God’s many names and descriptive titles in the Bible give readers word pictures of His character, attributes, and actions.
This new picture book explores 16 different biblical metaphors, describing God and our relationship with Him not just in words but in pictures too.
When I first heard about this book, I was eager to see it, of course, given the three books I’ve written about the names of God.
written and illustrated by Ruth Goring
published by Beaming Books (2019)
hardcover, 40 pages
10.2 x 0.3 x 10.1 inches
I wasn’t disappointed.
Rich mixed-media images accompanied by simple text aim to wake up imagination and spur children to consider God’s greatness, wisdom, and love.
Pairing the metaphors with words of application and pictures too gives young children, who are concrete thinkers, a boost toward understanding. But grownups will find themselves pondering and appreciating the text and images too.
Some of the metaphors are straightforward: “Jesus says, ‘I am the Vine and you are the branches.’ We grow from God’s Vine. God’s love flows through us like juicy sap.”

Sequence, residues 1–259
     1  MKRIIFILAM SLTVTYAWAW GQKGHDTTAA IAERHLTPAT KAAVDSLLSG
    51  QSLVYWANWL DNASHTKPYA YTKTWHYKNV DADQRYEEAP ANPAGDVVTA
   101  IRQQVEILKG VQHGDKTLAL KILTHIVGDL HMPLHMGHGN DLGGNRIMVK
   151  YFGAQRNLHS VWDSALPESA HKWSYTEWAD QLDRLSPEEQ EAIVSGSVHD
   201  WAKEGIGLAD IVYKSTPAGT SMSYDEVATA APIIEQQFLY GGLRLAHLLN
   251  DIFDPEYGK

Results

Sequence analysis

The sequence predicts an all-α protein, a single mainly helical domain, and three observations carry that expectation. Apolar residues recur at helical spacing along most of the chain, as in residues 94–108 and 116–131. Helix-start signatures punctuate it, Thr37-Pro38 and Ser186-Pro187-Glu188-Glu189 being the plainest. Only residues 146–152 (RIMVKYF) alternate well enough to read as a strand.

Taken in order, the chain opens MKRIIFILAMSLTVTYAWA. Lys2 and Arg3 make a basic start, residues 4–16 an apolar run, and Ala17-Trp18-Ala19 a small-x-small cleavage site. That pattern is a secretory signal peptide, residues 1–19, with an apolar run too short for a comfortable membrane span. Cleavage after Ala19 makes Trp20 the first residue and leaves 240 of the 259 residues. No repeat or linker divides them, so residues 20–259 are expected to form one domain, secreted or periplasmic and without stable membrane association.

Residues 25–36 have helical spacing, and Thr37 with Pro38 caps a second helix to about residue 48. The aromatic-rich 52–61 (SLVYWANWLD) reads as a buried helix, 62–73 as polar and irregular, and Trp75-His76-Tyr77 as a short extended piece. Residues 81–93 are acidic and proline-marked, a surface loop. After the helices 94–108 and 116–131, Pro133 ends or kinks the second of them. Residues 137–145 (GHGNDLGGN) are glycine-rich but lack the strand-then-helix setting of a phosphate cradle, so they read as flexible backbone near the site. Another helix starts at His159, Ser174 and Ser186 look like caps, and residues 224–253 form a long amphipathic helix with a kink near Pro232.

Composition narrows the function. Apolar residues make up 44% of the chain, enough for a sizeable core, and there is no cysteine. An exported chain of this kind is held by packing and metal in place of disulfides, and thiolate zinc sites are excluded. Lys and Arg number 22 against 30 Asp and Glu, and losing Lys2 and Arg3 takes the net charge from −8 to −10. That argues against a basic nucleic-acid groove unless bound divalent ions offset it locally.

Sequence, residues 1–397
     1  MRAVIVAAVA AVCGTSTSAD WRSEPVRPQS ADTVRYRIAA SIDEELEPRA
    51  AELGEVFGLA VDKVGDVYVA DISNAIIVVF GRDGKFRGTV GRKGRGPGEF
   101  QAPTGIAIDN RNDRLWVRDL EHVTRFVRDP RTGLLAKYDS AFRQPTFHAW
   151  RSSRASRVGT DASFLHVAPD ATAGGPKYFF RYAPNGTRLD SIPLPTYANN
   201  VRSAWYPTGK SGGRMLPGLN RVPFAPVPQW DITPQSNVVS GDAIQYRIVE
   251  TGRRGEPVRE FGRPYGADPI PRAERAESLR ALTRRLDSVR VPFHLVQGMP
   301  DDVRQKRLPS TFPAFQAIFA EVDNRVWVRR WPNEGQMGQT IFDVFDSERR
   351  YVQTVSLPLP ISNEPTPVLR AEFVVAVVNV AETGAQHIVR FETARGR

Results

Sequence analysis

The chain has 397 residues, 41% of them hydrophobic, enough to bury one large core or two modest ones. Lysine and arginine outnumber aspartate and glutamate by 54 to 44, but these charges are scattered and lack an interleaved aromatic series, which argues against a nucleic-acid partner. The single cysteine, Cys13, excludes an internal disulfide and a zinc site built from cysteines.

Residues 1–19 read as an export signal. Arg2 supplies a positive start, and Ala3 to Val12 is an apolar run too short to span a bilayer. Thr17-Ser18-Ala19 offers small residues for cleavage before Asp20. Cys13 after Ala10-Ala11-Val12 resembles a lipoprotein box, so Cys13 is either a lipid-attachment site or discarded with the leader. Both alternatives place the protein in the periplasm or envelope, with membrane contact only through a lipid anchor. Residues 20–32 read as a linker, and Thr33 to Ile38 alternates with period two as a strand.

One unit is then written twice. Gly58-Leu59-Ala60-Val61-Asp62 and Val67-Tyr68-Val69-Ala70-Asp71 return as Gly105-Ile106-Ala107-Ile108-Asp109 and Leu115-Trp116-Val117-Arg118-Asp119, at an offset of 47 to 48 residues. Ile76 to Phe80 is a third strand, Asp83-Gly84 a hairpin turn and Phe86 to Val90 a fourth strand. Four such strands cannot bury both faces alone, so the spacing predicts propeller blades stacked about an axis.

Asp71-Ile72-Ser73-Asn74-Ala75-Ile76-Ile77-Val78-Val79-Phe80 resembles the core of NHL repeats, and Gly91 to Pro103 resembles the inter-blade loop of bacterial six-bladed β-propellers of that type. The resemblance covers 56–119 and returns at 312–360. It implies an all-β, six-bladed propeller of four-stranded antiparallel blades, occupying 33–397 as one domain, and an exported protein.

Others may be less familiar, such as ways in which God acts as a mother or how we “put on” God’s goodness like we put on bright clothing (a reference to putting on Christ found in the letters of the apostle Paul).
The last page, “Images of God in the Bible,” lists the 16 metaphors in the book (Word, Love, Light of the World, Living Water, Vine, Bread of Life, Clothing, Door, Good Shepherd, Rock, Wind, Comforter, Father, Mother, The Way, and Home) along with Scripture references for locating the concept in the Bible.
All in all, a beautiful, comforting, thought provoking book for the entire family (or a Sunday school class or youth group) to pour over and enjoy again and again.
About These Reviews and Recommendations
My career as a children’s book editor, acquisitions editor, and editorial director greatly influences my response to books. I have seen a LOT of manuscripts and books. I have high standards for text, illustration, book design, and the purpose of a book. (This is a nice way of saying I am slightly jaded and quite particular.)
I understand too that parents, grandparents, and others who buy books want and need good value in the books you choose. Your book budget is not unlimited.
I’m not writing these reviews as hype or promotion for fellow author’s books. I do care about helping authors—after all, I am one. I understand the effort authors pour into every book and the hopes they have for each one. The books I recommend, however, I’m choosing because of the merit I see in the book, no other reason.
I want to point you to the best books more than I want to point out books I don’t like, so I won’t be writing negative reviews. If I can’t support a book, I just won’t write about it. At times, however, I may note details or features I would have changed in a book I otherwise recommend. This is to help you make your own decisions about what books are right for your family.